Here’s the idea: most news coverage is overwhelmingly biased, censored and marketed toward an audience of pocketbooks. During the Fulbright/TUSEF mid-grant meeting in Bangkok, in November of last year, I participated in a discussion about mass media communications with a news anchor from True Visions Radio Thailand of the National Broadcasting Company of Thailand (NBT). “Mass media presentation has an off-track focus, rather a lack of focus and preparation” as stated by the news anchor. The man, who had worked for numerous media and journalism outlets in Bangkok, went through a run-down of the biased opinions, politically censored, and corporately corrupt characteristics of the major news sources in the city. I couldn’t believe what I was hearing, especially considering that the city of Bangkok is one of the largest hubs in Southeast Asia.
I finished grading the final exams of my students in Chiang Rai a few weeks ago, and have been traveling throughout southern Thailand and Malaysia since. Upon our return flight to Bangkok from Kuala Lumpur on February 24th, we took a shuttle bus to Khao San Road. We saw the thousands of red-shirted protesters marching the streets. As the bus dizzily weaved in and out of foot-traffic, we took pictures of the marchers as they smiled and waved. There was no fear, but rather smiles. There was not a feeling of tension in the air, but rather of fueled social activism.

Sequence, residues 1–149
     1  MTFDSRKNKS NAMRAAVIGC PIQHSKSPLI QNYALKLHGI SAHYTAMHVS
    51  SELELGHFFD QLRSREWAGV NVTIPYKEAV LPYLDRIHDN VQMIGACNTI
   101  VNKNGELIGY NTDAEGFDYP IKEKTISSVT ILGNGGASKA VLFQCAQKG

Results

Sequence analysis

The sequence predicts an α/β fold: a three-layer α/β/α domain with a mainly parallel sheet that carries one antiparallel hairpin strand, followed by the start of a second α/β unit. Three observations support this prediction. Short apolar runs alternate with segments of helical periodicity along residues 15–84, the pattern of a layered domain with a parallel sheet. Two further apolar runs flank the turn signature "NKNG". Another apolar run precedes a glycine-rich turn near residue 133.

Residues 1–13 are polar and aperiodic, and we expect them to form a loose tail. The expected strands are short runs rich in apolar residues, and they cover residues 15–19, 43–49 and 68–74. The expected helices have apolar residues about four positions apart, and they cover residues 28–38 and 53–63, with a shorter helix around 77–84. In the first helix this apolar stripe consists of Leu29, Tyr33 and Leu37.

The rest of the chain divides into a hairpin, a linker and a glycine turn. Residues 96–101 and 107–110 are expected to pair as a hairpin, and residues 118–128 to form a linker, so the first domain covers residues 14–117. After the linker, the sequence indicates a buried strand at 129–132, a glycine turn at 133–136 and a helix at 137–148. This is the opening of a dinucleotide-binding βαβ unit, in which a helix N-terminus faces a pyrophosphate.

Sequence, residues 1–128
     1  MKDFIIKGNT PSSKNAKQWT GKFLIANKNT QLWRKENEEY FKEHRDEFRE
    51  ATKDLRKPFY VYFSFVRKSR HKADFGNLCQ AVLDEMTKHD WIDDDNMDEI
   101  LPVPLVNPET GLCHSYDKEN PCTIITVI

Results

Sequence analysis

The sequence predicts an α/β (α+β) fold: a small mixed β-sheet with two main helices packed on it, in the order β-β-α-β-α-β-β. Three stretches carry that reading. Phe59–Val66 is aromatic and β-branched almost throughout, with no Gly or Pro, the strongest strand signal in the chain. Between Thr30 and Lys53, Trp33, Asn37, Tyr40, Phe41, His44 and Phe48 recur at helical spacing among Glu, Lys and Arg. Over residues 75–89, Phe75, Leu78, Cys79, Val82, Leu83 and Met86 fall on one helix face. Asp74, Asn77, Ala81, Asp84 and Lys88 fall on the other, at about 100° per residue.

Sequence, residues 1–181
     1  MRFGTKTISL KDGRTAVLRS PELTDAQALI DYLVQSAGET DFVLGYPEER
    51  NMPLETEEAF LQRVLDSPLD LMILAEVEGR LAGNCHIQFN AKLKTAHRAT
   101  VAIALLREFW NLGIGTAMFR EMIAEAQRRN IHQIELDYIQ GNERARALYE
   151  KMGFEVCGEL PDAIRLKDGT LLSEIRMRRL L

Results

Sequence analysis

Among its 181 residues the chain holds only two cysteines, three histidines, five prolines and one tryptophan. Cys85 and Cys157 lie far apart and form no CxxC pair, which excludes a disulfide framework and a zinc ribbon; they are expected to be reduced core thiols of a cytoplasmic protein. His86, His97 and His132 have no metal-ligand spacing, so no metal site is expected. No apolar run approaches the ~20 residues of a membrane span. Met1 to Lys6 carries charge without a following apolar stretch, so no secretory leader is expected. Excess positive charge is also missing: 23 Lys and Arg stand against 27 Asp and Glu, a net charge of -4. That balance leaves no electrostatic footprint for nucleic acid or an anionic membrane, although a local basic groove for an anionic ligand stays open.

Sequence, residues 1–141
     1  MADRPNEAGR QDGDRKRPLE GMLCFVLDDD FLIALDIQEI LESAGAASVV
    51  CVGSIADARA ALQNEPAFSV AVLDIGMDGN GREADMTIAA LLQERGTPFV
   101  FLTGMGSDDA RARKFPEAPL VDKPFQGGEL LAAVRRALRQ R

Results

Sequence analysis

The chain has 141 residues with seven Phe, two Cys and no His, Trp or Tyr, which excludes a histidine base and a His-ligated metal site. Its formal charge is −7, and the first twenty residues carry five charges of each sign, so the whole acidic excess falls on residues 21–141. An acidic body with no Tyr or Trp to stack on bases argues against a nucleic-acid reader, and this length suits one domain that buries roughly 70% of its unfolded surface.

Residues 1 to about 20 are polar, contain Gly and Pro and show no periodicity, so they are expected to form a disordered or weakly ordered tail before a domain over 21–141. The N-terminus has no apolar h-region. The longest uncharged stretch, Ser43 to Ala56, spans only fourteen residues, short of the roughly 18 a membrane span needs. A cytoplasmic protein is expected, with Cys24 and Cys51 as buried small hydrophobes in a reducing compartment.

Please look at the following illustration of that day published by the Los
Angeles Times (http://www.latimes.com/news/printedition/asection/la-fg-thailand-protest25-2009feb25-pg,0,6824945.photogallery).
Protests in Bangkok, Thailand
Riot police stand guard outside Government
House during an anti-government protest in Bangkok, Thailand. Thousands of
demonstrators who support deposed populist Prime Minister Thaksin Shinawatra are demanding the dissolution of parliament and fresh elections.
February 24, 2009
People not joining the movement appear to be just going about their day.
Notice the waving hands…they’re waving at us on the bus.
Furthermore, what does this all mean? It means that as people, not as consumers, we owe it to ourselves and our planet to search out the most ethical and unbiased sources of news. They may not be perfect, but here are a few international sources that I recommend: